In This Corner of the World (2016)

by - August 18th, 2017 - Movie Reviews


Subtly Devastating In This Corner an Animated Marvel

When 18-year-old artist Suzu Urano (voiced by Rena “Non” Nounen) is asked for her hand in marriage by the kindly Shusaku (Yoshimasa Hosoya), it’s an offer she knows she cannot refuse. It is 1944 and war is raging around the world, so leaving her family in Hiroshima to go live with a brand new one in the small town of Kure is going to be hard. But Suzu rises to the challenge, moving away from home to be a protective daughter-in-law to Shusaku’s parents Entarou (Shigeru Ushiyama) and San (Mayumi Shintani) while also falling in love with new niece Harumi (Natsuki Inaba) and doing what she can to convince the hard-hearted girl’s mother Keiko (Minori Omi) she only wants to be her friend.

PHOTO: Shout! Factory

There’s not a lot more to writer/director Sunao Katabuchi’s (Princess Arete) gorgeously animated, delicately poignant adaptation of author Fumiyo Kono’s award-winning Japanese manga In This Corner of the World, but that doesn’t mean there isn’t still a great deal going on. An examination of families doing what they can to survive the ravages of war during a time of great upheaval, this is a spirited movie filled with honest emotional nuances that held me captivated for the majority of the picture’s 129-minute running time. Suzu’s story is deeply affecting on a level that’s oftentimes staggering, and even though it shouldn’t come as any sort of surprise as to where all of this is headed, that doesn’t make the getting there any less of an achievement.

It can all be difficult to watch at times. While understandable, the level of tragedy as it pertains to Suzu’s life and that of her family, not just in the constantly bombed Kure but naturally also back in Hiroshima, can be difficult to stomach, especially a rather startling third act twist that broke my heart to pieces long before the events of August 6, 1945 could come to pass. Some of this feels downright assaultive, the staggering devastation and loss of life, and the way in which survivors have to find a way to pick up the pieces and carry on, hopefully with a smile on their face as they rebuild their sense of community, can feel rather relentless and as such isn’t necessarily all the enjoyable.

But Katabuchi’s sympathetic, sentimentally subtle touch is inspiring in its breadth and scope. How he presents Suzu, the way he weaves each moment of her life into its monumental whole, all of it is masterful, this character popping off the screen as a living entity and not just some random animated creation with some humdrum story to tell. No, this young woman’s fight, what she believes in, how she chooses to look at life and the way she is determined to overcome the unimaginable, all of it resonates, the tears I cried during the film’s final half hour as genuine as they were appropriate.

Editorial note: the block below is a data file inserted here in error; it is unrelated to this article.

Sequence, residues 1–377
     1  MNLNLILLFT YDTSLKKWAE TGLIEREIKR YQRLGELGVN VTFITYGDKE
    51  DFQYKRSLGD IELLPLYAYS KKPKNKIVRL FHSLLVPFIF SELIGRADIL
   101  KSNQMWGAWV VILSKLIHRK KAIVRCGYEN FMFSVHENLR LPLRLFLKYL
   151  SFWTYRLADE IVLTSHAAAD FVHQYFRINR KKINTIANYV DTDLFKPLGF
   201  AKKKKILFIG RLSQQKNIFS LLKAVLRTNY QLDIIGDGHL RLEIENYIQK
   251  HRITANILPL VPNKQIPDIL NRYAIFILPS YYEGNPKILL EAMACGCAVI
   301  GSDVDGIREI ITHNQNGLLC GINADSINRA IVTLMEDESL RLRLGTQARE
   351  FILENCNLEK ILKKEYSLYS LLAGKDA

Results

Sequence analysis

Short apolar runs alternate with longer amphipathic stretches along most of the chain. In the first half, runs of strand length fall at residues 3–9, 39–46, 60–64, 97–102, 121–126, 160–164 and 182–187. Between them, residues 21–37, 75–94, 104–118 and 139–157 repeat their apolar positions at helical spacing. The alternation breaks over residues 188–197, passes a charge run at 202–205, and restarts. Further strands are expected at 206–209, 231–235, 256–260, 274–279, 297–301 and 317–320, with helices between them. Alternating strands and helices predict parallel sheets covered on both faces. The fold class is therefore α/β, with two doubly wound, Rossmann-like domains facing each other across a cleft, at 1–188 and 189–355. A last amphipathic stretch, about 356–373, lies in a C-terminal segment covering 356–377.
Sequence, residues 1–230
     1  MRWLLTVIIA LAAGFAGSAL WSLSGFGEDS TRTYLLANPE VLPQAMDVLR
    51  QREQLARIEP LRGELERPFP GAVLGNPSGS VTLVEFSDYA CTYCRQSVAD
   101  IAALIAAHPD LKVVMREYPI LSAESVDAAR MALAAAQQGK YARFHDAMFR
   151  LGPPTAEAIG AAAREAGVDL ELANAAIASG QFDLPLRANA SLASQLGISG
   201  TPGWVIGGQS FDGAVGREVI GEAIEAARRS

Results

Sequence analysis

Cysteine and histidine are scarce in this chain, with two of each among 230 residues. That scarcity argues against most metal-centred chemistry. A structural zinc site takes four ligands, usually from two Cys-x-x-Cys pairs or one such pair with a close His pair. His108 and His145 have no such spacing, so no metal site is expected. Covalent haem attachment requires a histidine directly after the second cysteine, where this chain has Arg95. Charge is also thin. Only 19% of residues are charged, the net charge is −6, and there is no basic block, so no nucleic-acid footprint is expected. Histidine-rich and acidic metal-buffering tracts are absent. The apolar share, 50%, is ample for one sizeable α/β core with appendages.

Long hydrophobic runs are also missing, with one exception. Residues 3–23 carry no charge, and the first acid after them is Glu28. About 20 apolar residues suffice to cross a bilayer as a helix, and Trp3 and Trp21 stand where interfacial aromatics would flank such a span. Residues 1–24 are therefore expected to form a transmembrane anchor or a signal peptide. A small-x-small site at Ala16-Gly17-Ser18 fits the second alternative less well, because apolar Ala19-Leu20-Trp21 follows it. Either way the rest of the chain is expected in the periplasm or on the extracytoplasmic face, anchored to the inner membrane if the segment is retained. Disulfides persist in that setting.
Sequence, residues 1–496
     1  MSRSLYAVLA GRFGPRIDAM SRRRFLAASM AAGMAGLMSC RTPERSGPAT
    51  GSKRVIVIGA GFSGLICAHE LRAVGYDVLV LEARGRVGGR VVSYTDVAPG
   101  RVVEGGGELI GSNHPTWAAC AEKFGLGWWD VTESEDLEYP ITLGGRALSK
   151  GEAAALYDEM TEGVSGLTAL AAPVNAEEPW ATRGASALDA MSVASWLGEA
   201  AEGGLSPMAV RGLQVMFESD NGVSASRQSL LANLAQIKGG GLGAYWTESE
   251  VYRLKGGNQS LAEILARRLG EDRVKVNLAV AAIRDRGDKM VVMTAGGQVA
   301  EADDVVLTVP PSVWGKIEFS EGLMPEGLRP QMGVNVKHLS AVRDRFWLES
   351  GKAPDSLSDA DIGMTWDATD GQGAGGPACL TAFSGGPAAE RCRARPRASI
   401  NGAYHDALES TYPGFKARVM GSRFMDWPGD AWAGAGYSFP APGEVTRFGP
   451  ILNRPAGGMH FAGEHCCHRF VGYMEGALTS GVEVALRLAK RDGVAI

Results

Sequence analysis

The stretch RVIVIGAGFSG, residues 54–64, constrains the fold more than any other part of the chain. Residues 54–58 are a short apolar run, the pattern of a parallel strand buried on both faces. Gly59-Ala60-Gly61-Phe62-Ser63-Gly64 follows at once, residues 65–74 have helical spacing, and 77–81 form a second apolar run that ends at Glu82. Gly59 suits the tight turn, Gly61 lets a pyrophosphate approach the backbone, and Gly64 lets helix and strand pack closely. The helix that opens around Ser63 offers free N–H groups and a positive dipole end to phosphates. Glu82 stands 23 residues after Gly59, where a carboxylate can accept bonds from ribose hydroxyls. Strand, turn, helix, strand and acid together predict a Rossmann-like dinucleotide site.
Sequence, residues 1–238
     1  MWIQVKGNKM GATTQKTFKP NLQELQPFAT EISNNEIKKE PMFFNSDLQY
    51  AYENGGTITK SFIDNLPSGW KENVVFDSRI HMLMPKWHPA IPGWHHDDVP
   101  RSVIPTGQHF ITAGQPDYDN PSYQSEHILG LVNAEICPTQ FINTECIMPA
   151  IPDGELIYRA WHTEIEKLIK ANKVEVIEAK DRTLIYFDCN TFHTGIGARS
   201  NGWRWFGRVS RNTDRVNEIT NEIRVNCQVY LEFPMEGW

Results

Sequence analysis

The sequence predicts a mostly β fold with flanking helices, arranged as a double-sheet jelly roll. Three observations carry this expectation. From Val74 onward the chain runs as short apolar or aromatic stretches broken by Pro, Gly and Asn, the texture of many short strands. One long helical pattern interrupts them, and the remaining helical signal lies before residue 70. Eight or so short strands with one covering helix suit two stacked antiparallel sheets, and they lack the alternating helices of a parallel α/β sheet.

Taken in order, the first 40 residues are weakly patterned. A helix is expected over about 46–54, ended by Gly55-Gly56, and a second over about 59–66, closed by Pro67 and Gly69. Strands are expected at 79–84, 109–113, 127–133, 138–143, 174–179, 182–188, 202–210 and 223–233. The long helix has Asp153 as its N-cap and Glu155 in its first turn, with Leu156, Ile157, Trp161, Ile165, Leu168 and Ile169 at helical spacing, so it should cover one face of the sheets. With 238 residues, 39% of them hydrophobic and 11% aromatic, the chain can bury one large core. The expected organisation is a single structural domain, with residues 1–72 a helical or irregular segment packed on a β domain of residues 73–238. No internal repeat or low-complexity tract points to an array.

There were things I didn’t respond to. It took forever for the movie to reveal why Keiko was so resolute in keeping a frigid distance between herself and Suzu, while the main character’s bouts of absent-minded daydreaming weren’t always utilized in a manner I personally felt helped the narrative move closer to its predetermined destination. I also admittedly had trouble differentiating between the young woman’s husband Shusaku and a former schoolmate-turned-soldier named Tetsu (Daisuke Ono), the two so interchangeable neither is ever able to develop as characters in the same way I’m pretty positive they must inside Kono’s source material.

PHOTO: Shout! Factory

Yet, there’s so much I just adored about this gem of a feature those missteps hardly feel worth mentioning. So many sequences and scenes burned their way into the center of my psyche with astonishing ease, not the least of which is the way the events at Hiroshima are depicted, a sudden flash of light way off in the distance startling Suzu and her in-laws but not so much they have any comprehension of what it is that’s just transpired. There’s also a number of additional little moments, including one between our heroine and Tetsu where white-capped waves transform into watery fields of bouncing bunnies and another where a determined child discovers safety in the arm of a stranger while later on a grieving mother realizes the clothes of a departed loved one can now be used to protect and nurture someone new, each moving me in a way I found continually marvelous.

In a world being ripped apart by violence, hatred, racism and bigotry, the genius of this piece of animated art is how it manages to put a historical tragedy of unimaginable proportions into a perspective that’s just as much about today as it is the events swirling around Japan during the latter stages of WWII. Perfectly animated, emotionally pure, In This Corner of the World is an outright marvel, watching it come to life as it does with such authentically subtle exactitude an extraordinary achievement to be sure.

Film Rating: 3½ (out of 4)


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